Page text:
Teens Safer By Themselves: Study Says Risky Behavior More Likely With Friends

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Confirming what you probably already know, a new study finds teens are more likely to engage in risky behavior when their friends are around.

The study by Temple University says the portion of the brain associated with reward showed “greater activation” in teens doing risky things with their friends.

"These results suggest that the presence of peers does not impact the evaluation of the risk but rather heightens sensitivity in the brain to the potential upside of a risky decision," said psychologist Jason Chein, lead author of the study.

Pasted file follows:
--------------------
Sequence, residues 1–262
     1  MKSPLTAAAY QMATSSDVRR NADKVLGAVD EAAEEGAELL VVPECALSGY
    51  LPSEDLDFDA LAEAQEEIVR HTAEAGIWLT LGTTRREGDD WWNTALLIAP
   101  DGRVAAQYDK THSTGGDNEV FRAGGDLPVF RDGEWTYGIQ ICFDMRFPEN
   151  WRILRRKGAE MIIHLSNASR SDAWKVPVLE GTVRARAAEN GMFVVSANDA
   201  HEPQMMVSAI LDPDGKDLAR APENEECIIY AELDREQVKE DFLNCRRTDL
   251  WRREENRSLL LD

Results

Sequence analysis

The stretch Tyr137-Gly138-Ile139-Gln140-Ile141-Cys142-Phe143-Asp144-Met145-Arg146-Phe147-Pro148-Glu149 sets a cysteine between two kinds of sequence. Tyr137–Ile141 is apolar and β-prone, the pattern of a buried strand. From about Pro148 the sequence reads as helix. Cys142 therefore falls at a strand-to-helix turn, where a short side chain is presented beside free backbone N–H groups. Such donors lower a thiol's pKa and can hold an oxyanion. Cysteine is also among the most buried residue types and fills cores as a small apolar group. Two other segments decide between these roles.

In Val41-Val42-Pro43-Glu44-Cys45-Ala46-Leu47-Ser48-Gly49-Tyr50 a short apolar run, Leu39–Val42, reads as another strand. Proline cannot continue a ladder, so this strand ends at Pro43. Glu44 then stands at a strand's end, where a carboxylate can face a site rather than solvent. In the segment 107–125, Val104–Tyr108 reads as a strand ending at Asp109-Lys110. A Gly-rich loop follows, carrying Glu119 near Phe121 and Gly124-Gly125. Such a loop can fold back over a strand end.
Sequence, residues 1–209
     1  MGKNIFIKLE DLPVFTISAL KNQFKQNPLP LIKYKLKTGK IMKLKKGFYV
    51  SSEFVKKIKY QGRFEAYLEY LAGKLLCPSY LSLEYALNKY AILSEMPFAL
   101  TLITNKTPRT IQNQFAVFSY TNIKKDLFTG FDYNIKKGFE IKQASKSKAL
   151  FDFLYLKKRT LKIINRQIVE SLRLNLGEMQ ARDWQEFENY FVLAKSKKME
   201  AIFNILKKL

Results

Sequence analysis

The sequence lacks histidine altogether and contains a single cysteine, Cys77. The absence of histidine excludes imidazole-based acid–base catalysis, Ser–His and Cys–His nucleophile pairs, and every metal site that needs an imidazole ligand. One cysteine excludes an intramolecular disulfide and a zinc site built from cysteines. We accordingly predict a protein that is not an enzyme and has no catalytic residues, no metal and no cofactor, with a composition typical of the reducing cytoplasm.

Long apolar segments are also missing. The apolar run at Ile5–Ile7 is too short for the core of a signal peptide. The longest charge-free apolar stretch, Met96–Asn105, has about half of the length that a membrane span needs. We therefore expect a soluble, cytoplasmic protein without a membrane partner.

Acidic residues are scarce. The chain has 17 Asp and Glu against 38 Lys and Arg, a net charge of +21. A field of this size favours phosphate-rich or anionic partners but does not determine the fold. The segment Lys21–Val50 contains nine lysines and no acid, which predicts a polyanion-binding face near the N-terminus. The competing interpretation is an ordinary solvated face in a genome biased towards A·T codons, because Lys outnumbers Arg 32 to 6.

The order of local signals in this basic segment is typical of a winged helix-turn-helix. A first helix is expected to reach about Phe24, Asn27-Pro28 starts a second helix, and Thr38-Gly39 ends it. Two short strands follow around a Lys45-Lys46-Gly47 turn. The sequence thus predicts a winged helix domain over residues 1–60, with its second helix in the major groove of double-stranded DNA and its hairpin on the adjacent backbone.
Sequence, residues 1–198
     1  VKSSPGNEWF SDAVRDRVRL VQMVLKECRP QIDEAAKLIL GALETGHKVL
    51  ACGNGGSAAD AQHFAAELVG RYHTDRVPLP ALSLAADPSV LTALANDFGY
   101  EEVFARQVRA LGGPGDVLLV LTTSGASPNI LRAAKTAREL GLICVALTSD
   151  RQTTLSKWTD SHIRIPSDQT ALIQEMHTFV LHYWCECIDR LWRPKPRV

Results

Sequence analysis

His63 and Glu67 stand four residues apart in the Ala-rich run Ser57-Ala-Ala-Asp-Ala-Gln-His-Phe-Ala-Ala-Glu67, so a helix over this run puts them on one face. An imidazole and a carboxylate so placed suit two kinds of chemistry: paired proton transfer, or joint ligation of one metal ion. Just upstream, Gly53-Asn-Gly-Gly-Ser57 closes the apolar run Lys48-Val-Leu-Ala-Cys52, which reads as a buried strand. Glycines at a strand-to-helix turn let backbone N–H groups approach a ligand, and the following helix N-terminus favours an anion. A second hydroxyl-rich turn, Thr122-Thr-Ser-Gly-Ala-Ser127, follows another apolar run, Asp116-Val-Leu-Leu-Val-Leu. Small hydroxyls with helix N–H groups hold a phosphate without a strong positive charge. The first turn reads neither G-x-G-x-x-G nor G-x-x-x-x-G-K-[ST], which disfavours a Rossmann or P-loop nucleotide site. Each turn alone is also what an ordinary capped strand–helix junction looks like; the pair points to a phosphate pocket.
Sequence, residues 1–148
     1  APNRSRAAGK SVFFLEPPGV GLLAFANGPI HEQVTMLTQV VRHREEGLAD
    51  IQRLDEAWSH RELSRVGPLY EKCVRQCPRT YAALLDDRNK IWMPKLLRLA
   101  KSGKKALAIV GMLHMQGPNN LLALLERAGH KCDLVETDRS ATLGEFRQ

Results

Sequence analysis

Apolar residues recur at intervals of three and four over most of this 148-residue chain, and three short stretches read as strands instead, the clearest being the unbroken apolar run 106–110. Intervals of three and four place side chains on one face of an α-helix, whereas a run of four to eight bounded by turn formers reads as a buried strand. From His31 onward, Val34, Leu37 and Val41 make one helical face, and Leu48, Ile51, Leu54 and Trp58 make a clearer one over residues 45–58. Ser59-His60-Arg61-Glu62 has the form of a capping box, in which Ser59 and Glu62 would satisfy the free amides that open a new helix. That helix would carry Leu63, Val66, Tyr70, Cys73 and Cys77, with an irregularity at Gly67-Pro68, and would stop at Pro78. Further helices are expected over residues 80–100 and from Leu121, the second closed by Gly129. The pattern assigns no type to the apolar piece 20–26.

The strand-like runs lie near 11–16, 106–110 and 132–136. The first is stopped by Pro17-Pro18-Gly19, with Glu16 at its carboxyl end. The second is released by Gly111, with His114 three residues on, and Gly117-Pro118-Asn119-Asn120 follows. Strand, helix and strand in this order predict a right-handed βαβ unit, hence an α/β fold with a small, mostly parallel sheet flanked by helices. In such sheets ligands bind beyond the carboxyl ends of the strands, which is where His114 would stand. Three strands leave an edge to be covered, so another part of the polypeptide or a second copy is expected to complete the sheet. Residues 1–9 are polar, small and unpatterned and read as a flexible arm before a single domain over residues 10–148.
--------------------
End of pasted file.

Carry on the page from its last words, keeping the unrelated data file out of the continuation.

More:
The full study is only available with a subscription but you can read more at Science Daily.

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